Animating in paradise: making The OceanMaker

Friend of fxguide and fxphd professor Lucas Martell is the director behind The OceanMaker, a rousing animated short that tells the story of a world with no seas and a pilot who looks to clouds for salvation. The film’s novel storyline is matched by its even more unique production history – Martell embarked on the indie short by assembling a team of artists to work on Caye Caulker, an island of 1300 residents off the coast of Belize in the Caribbean. Here the crew produced around half the film, then worked remotely to finish the rest.

The sea-less world of The OceanMaker.

In addition, two crowd sourcing efforts enabled completion of The OceanMaker. It has since been on the festival circuit, including a stint at SXSW, and been available on Vimeo on Demand for $1.99. But today the film’s production company, Mighty Coconut, is making The OceanMaker available to view for free. Watch it below.

The crew’s work on The OceanMaker represents significant investments in story, animation, post and music. Animation-wise the pipeline chosen involved Softimage and Maya with rendering in Mental Ray. “I’ve been using Mental Ray with Softimage forever,” notes Martell, “so a lot of it comes down to the fact that I know it inside and out. I pretty much did all the lighting myself, so it made sense to use the thing I was most familiar with.”

Plane model.

For the dramatic aerial scenes in the film, the team took detailed reference of planes and cockpits and then worked on meticulous texturing both inside and out. “One of the things we were looking at for the look was Rango,” outlines Martell, “They had some very stylized character designs and the way they fit them into the world was by having these super realistic textures on top of the stylistic designs. And then one of the reasons why we went with a ‘planes’ story on an independent model was that there were a few assets we were getting really close to but a lot of the shots, there’s only about 25 per cent of character animation, but most shots are airplanes which are easier.”

Cloth test.

In addition to May and Softimage, some cloth work was handled in Marvelous Designer and sim’d with Syflex. Meanwhile, the clouds were created with FumeFX in 3ds Max. “Having those clouds in the sky is really important,” explains Martell. “That’s how you show speed in the air. We also tried to make sure you were always seeing a little bit of the ground so that you had perspective on what you were moving against.”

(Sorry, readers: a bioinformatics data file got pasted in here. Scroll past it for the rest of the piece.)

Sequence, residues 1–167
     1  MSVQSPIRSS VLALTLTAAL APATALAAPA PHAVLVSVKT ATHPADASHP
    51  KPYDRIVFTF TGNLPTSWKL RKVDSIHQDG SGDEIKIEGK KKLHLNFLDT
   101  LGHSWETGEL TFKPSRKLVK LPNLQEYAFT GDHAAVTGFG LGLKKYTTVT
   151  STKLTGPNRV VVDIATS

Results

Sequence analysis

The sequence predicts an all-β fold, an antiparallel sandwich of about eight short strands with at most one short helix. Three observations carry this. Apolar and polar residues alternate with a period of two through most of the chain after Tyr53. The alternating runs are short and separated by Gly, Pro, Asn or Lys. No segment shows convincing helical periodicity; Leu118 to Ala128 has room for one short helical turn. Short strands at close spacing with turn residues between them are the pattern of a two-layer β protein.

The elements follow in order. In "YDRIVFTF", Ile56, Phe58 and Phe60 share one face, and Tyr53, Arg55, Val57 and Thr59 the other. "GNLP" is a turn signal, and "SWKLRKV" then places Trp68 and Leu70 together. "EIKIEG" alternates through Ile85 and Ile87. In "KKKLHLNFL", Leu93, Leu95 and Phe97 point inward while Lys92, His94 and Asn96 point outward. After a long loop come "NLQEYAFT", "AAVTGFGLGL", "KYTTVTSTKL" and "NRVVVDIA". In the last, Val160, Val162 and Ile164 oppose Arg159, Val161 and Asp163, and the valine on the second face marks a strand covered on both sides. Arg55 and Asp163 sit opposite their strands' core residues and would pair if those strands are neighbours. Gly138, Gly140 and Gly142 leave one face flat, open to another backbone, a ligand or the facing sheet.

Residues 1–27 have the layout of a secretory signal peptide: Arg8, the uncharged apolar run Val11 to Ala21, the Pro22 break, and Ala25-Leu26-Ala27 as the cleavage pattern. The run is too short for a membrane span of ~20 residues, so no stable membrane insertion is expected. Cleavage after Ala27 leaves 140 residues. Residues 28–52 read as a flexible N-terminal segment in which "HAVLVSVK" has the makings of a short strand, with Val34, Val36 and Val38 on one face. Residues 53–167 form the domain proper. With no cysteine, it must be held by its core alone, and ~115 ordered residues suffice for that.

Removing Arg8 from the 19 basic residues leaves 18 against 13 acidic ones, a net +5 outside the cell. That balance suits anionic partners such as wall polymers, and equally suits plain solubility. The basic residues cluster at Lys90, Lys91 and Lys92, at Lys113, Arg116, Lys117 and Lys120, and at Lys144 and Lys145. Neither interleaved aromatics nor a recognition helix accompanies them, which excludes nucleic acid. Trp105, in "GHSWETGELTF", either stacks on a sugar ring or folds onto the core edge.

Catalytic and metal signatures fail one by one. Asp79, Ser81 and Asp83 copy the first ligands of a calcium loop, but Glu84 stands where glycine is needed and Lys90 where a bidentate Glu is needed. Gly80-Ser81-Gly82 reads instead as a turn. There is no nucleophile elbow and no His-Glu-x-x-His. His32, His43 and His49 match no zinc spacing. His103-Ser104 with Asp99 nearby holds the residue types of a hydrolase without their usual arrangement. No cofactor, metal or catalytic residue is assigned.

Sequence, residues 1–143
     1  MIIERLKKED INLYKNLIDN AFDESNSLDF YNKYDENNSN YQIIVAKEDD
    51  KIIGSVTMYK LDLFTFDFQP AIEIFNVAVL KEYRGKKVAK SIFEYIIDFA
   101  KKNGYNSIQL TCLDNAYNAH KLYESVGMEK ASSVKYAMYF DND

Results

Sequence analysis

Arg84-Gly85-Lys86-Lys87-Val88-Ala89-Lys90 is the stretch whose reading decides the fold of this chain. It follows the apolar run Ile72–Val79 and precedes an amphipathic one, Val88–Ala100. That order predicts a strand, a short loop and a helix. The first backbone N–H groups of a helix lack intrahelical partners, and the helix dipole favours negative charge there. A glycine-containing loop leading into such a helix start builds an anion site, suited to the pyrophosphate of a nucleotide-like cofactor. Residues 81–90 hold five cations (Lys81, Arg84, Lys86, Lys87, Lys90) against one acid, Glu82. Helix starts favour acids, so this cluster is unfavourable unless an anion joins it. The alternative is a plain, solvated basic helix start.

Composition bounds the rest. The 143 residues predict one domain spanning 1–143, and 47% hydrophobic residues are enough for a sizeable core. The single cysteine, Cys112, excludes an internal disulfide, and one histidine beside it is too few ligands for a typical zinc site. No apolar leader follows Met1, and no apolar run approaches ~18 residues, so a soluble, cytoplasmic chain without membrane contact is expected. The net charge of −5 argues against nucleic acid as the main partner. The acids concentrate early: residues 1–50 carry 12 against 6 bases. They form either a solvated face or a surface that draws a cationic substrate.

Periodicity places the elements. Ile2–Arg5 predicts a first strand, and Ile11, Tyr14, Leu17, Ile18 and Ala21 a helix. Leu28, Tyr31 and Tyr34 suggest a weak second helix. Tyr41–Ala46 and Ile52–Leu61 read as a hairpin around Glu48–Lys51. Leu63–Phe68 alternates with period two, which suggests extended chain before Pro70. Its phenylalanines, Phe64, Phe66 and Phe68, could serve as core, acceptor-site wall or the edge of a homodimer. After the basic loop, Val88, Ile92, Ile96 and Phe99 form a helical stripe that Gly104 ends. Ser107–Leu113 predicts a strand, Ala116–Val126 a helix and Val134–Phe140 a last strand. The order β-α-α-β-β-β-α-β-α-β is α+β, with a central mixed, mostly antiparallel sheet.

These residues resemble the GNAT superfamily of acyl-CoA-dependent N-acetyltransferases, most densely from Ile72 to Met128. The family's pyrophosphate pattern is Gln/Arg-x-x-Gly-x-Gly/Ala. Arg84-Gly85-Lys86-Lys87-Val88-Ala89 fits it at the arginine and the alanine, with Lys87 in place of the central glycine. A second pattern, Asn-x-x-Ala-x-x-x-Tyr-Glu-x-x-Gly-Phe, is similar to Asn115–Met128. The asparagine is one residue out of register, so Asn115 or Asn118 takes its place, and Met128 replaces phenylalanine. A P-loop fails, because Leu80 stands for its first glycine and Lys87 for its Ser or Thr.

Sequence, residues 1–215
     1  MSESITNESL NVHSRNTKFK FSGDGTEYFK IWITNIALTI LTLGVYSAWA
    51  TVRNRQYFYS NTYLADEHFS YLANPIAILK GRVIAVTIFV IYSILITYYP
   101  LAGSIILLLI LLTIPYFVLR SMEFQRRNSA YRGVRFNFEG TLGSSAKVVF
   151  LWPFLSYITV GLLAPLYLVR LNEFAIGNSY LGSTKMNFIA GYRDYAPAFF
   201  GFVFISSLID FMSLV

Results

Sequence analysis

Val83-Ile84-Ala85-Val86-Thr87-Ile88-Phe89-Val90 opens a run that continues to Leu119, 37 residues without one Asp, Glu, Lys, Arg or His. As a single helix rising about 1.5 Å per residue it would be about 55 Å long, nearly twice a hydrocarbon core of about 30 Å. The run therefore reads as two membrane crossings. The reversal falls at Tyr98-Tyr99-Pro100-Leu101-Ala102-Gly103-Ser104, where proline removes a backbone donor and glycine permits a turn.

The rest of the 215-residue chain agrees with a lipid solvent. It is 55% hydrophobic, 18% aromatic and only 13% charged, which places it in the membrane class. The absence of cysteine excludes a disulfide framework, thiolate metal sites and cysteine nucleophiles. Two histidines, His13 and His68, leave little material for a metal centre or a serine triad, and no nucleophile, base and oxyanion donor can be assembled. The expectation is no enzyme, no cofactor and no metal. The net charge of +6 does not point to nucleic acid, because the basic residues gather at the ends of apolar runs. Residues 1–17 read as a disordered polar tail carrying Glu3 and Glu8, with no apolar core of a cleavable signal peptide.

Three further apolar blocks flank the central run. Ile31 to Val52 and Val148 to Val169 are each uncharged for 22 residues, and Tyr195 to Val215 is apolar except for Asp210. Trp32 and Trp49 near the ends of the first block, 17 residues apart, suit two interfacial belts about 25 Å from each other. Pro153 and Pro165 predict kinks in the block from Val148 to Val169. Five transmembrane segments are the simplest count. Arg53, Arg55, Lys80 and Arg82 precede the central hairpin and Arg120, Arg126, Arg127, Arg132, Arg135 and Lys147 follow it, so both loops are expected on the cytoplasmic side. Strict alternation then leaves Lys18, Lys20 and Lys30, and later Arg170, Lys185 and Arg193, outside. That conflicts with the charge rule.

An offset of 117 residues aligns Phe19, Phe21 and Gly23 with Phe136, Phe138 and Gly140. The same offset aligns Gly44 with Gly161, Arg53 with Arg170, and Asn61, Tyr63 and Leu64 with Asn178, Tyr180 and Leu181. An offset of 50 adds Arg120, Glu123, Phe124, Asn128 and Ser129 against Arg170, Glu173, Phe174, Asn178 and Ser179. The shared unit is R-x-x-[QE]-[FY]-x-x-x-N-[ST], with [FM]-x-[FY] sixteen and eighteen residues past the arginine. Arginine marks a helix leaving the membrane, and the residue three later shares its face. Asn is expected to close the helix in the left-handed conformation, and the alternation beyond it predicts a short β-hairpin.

The ‘Gun bus’.

“The other big thing we did to help with movement was how we approached the camera,” adds Martell. “The camera is attached to a chase plane so there’s always a little bit of vibration. The chase plane is never flying exactly with it, so you even get some of the banking – a lot of subtle things. And we used long lenses to make it feel more cinematic. It allows you to have the background moving against what the planes are doing in a way that gives you that sense of motion.”


The filmmakers also played close attention to the final color grade. “The look and color correction is not quite bleach bypass but it’s moving towards that,” says Martell. “We’re really letting the shadows go black in some places and the frame blow out to white because it adds that dirty gritty lens to it – which sells that idea of a makeshift world.”

Character model.

“A lot of animated films in the independent world – they don’t think about the grade,” suggests Martell. It’s subtle but we did have an emotional script for the color grade and it gets more intense at the very beginning. We’ve tried to make it just feel hot – it’s crunchy and we’ve pushed stuff. It gets lost in the blacks and gets pushed out. It feels like you’re in a real location.”

Martell is no stranger to independent animation. His award-winning Pigeon Impossible has over 10 million hits on YouTube. But with The OceanMaker, he sought to do something more grand – indeed, the 10 minute short is intended to be somewhat of a prologue to a feature film version. A feature length OceanMaker is a film the director would gladly produce independently, although he’s not opposed to doing it in a studio environment. “I feel, though,” says Martell, “it’s so different to the normal animation fare that an independent model would still work.”

You can find out more about The OceanMaker at the official site, where you’re also able to find a bunch of behind the scenes production videos.